The Parole Board of Canada granted the 71-year-old an additional six months parole on Nov. 21, stating board members found that by all accounts he is doing well and respecting conditions the board imposed.
"While mindful that the victims of your crime remain deeply affected by your actions," reads recently obtained documents, "with no evidence that your risk is increasing and given the positive work you have done throughout your incarceration and community supervision, the Board finds that your risk to reoffend is not undue..."
Warren was sentenced to life in prison for second degree murder in January 1995 in the killing of nine replacement workers during an acrimonious strike at the Giant Mine.
He was found guilty of rigging a trip wire that detonated a massive dynamite explosion deep underground when it was snagged by a passing ore car holding the victims.
He confessed to the crime 13 months later, retracted his admission at trial, but was convicted and then many years passed before he took full responsibility while in prison in 2003.
At sentencing, the judge called the bombing "nothing less than an act of terrorism," noting many lives were devastated.
Warren said his original motive was to disrupt mining operations and strengthen the union's bargaining position. But he later told an undercover police officer that casualties were justified in a strike that was similar to a war, state the documents.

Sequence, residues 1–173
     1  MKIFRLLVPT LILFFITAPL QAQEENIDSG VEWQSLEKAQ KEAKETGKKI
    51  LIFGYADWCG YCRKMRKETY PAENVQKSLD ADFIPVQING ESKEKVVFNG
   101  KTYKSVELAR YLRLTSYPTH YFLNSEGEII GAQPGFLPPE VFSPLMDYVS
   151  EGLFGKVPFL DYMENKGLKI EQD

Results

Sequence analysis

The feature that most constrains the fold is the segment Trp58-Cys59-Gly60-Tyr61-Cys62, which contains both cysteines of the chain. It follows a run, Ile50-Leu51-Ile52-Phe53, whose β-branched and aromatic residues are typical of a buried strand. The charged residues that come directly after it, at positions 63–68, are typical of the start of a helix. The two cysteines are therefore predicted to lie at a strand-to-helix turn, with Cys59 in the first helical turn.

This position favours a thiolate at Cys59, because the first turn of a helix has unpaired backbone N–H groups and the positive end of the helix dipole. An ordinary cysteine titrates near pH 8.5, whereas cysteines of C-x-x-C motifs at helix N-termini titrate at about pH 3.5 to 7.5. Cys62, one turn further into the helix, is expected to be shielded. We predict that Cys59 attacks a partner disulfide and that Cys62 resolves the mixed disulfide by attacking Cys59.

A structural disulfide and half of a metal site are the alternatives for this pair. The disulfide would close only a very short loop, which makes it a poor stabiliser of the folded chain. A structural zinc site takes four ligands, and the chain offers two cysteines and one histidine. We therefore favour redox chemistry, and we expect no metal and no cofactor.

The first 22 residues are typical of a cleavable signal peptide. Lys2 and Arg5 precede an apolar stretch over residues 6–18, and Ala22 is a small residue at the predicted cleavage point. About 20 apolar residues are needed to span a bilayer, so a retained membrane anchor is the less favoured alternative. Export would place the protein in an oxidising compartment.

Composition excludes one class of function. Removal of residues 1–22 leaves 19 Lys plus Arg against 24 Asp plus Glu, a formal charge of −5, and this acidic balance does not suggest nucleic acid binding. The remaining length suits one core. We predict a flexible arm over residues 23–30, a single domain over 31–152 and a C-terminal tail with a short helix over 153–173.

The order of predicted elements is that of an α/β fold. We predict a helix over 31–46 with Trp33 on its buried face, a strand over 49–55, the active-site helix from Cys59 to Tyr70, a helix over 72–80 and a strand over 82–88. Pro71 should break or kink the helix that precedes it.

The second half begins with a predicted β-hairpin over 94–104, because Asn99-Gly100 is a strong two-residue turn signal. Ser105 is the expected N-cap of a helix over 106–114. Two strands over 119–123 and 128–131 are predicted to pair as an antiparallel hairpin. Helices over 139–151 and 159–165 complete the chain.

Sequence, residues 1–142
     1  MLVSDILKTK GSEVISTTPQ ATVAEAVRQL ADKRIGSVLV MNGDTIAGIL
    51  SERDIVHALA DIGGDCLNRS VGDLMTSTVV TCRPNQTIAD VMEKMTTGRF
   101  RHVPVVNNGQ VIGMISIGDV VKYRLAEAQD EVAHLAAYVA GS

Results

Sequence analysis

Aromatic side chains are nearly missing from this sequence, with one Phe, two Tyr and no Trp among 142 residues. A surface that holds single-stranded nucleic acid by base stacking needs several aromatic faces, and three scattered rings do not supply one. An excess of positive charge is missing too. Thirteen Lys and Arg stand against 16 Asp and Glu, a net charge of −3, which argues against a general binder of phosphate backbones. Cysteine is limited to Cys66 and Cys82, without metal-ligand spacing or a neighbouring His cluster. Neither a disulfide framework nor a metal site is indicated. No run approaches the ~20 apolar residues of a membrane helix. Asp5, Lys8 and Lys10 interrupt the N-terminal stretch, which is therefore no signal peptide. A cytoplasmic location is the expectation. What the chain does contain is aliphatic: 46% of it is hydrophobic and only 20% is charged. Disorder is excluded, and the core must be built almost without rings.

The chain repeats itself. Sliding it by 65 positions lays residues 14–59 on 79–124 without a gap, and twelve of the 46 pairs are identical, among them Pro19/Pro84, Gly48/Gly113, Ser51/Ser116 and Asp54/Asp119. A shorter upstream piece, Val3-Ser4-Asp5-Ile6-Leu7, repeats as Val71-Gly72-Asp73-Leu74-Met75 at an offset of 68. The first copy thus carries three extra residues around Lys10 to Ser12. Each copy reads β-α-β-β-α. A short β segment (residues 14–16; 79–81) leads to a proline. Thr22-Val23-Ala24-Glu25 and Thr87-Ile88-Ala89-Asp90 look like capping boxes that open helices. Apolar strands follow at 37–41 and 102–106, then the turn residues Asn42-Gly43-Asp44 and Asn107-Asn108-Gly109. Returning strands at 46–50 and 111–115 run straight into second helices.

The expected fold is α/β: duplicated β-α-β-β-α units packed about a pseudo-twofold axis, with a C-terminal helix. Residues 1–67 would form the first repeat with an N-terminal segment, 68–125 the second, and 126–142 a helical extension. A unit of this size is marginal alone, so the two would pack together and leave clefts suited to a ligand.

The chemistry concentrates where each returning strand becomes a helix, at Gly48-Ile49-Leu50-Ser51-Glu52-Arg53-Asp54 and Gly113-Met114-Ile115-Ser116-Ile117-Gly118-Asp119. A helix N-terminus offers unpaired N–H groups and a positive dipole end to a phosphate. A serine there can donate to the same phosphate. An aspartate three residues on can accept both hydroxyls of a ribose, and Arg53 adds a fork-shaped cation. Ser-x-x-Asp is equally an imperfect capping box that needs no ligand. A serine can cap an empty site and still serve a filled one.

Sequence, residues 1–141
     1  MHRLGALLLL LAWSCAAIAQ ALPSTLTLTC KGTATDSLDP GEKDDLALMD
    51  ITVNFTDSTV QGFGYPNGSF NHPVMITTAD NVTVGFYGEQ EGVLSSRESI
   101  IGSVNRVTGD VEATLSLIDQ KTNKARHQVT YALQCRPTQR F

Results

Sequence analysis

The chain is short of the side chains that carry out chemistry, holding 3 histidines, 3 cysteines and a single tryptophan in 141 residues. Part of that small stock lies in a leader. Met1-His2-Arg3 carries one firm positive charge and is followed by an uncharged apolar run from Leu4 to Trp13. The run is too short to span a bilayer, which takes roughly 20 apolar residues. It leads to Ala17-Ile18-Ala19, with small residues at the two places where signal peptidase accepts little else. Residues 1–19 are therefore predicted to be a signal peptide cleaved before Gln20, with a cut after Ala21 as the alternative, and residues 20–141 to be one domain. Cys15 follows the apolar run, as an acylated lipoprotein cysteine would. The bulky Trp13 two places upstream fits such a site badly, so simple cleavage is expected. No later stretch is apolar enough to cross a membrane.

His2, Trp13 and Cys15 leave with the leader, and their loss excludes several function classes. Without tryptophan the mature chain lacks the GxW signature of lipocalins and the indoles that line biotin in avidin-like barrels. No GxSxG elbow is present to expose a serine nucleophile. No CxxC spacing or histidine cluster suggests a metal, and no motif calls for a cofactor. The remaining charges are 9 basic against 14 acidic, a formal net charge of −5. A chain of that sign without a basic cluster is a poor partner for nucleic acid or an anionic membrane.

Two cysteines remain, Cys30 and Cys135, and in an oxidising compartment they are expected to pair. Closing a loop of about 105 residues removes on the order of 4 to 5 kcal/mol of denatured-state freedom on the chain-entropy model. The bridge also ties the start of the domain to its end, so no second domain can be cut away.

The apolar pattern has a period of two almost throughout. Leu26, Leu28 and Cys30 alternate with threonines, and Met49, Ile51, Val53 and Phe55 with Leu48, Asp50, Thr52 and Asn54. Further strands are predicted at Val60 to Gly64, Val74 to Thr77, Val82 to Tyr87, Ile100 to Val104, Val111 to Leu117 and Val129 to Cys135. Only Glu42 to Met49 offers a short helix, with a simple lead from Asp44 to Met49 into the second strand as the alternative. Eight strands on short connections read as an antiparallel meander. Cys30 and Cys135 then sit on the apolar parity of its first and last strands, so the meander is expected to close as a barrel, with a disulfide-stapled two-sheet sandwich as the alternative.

The board has reimposed special conditions for his release, including reintegration counselling, abstaining from alcohol and abiding by a ban on contacting victims' families.
The two members who made the decision state that Warren has completed all recommended programming and has been deemed "highly accountable and motivated to live a law abiding life."
"Since your incarceration your behaviour has been consistently positive, aside from one infraction in 1999," the board states. "You remained respectful in all relations, both in the institution and the community."
The man was being held at the Mission Minimum Institute, east of Vancouver, when first granted day parole last June. He was ordered to live in a halfway house, although where he may be residing now is unclear.
His case management team reported Warren has been diligently attending supervision meetings and has engaged in extensive volunteer work since leaving prison. They say the main challenges he's faced have involved coping with emotions relating to the murders.
Although Warren was first eligible for day parole in October 2010, he did not apply until 2014. The documents stated he completed five months of day parole without incident.